Mining

Rajasthan to create pneumoconiosis fund with DMF money

The fund will be used to execute a comprehensive policy on the disease, which is widely prevalent in the mining state

 
By Chinmayi Shalya
Last Updated: Thursday 03 October 2019
Rajasthan, one of the leading mining states of India, also has a high prevalence of pneumoconiosis. This is a stone mine near Jodhpur. Photo: Wikimedia Commons

Rajasthan has announced the creation of a Pneumoconiosis Fund, which will be majorly financed by money from the District Mineral Foundation (DMF). This Fund will be used to finance a comprehensive policy on the disease released by the Rajasthan government on October 3, 2019.

Pneumoconiosis, a lung disease, mostly affects workers who work in the mining and construction sectors and deal with soil, silica, coal dust and asbestos. The disease includes asbestosis, silicosis and coal workers' pneumoconiosis.

“The aim of the policy is to streamline the strategy to deal with pneumoconiosis. For the first time, we are looking at a strong preventive mechanism and better assistance to the victims and their families,” Akhil Arora, principal secretary of Rajasthan’s Social Justice and Empowerment Department, said.

The Fund will be operating under this department. It will include pension for patients and their families after the patient’s death and their inclusion in the state’s social security schemes, which will be over and above the compensation paid.

Rajasthan is one of the leading mining states of India, with a distinction of having more than 33,000 mine leases, the highest in the country. Most of these are sandstone mines and quarries.

It is also the state with a high prevalence of pneumoconiosis, including silicosis. According to data from the state silicosis portal, more than 55,000 cases of silicosis have been registered for medical verification across all of Rajasthan’s districts from 2016 till date.

According to a 2018 report by the Comptroller and Auditor General of India, the number of deaths due to silicosis had increased in Rajasthan from 1 in 2013-14 to 235 in 2016-17.

Various mine workers organisations and unions had been demanding a comprehensive framework to address the issue and provide due compensation to the patients over the last decade.

DMF funds to the rescue

With the institution of DMF under the Mines and Minerals (Development and Regulation) Amendment Act, the state found the resources to address the issue comprehensively, said a senior official from Bhilwara district.

Non-profit DMF trusts have been established in every mining district of India to “work for the interest and benefit of people and areas affected by mining related operations”.

Earlier, the state government was just providing a compensation of Rs 4 lakh to the silicosis patient, of which Rs 1 lakh was paid to him / her and Rs 3 lakh to the family after the patient’s death.

This was paid through the Rajasthan Environmental Health Administration Board (REHAB), constituted under the Rajasthan Environment and Health Cess Rules, 2008.

After DMF was instituted, REHAB was discontinued. The compensation was revised to Rs 5 lakh (Rs 2 lakh to the patient and Rs 3 lakh to the family after the patient’s death).

DMF will be one of the biggest components of the Pneumoconiosis Fund. It will also bring in convergence of other available funds such as Building and Other Construction Workers (BOCW) Welfare Fund, the state budget, and Corporate Social Responsibility (CSR).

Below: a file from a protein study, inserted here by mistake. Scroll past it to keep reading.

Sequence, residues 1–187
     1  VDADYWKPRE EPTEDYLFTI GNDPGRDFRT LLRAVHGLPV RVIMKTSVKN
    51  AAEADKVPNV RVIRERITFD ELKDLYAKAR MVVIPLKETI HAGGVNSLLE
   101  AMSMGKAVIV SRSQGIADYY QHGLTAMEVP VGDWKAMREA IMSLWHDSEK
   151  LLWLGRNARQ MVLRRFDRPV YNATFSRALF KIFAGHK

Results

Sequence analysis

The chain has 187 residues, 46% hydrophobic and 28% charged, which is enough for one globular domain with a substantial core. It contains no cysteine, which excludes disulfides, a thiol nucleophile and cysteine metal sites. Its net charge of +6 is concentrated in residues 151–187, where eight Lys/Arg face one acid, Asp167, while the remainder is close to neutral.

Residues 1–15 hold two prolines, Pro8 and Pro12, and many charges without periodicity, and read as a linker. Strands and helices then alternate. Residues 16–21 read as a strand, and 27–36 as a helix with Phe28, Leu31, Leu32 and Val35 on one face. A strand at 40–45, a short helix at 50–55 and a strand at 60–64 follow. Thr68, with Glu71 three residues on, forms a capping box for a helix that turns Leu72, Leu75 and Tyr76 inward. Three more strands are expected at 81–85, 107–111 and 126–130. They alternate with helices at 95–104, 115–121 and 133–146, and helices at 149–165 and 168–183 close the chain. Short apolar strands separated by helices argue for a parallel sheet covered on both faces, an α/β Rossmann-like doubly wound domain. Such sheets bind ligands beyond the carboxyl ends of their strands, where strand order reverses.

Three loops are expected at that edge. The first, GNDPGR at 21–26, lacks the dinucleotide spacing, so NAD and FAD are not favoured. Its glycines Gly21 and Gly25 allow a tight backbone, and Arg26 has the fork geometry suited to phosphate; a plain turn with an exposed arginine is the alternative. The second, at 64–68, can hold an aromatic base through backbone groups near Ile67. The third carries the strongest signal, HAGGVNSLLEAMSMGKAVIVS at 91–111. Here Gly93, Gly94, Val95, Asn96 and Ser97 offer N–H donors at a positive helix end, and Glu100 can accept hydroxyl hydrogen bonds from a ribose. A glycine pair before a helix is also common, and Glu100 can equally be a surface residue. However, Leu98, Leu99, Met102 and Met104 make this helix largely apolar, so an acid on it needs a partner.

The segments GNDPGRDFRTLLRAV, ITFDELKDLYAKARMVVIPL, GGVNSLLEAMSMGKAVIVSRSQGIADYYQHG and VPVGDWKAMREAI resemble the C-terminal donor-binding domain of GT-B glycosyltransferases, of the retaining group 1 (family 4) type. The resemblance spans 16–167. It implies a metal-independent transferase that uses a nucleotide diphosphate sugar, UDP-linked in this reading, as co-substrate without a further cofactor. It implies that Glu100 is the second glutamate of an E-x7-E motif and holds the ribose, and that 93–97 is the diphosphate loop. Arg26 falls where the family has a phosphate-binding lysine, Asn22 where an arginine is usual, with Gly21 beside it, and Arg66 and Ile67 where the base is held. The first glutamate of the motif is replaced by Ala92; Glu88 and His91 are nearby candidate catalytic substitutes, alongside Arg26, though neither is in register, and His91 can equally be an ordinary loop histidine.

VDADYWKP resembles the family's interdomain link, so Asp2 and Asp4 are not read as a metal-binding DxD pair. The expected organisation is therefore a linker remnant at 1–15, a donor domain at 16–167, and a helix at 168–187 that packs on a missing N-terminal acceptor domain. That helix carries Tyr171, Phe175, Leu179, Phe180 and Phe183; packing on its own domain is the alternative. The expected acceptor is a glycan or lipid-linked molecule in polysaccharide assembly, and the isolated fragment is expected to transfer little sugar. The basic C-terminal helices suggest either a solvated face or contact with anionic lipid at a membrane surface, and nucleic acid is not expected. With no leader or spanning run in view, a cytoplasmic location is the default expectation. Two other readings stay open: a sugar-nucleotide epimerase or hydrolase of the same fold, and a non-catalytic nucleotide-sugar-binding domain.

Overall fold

The state level fund has been created so that pneumoconiosis patients can be helped even in districts where DMF funds are not substantial. In Rajasthan, districts like Bhilwara, Rajsamand, Udaipur, Chittorgarh and Ajmer have a sizeable DMF accrual each year ranging from Rs 250 crore to Rs 100 crore.

Prevalence of pneumoconiosis, however, reaches beyond these districts to others such as Bharatpur, Dholpur, Sirohi and Karauli, where massive quarrying activity is ongoing. These districts, in fact, report the highest number of cases along with Bhilwara and Ajmer.

Arora said that DMF funds were already being used at the district level for compensation to silicosis patients. However, permissions from the governing body were required each time a case had to be added.

Also, there are other districts where DMF funds are not available. “Hence, we are creating a state fund where different resources will be converged and disbursement can be made as required,” Arora added.

The proportion of contribution from various funds will be decided in the coming days.

“It is the first and important step to address one of the big concerns in Rajasthan’s mining areas. DMF has to ensure the benefit of people who are affected and focusing the funds for this is a welcome step,” Srestha Banerjee, programme manager, Centre for Science and Environment (CSE), Delhi, said.

Prevention and rehabilitation

The policy recognizes prevention as a major focus because pneumoconiosis, once contracted, is a terminal illness. For this, all mines and industries having dust hazards will be registered and notified as hazardous and brought under a tight regulatory framework to ensure protective equipment and dust suppression measures.

For early detection of cases, training of health workers and doctors, placing better screening systems at health centres will be ensured.

“So far, most of the silicosis cases were given treatment for tuberculosis, leading to eventual detection in advanced stages. If early detection is ensured, the chances of survival are good,” Rana Sengupta from the non-profit Mine Labour Protection Campaign, said.

The policy also looks at a comprehensive patient rehabilitation and pension for patients and their families. It introduces pension for patients and after their passing, to their families irrespective of income criteria. It also calls for creating livelihood opportunities for silicosis patients and their kin.

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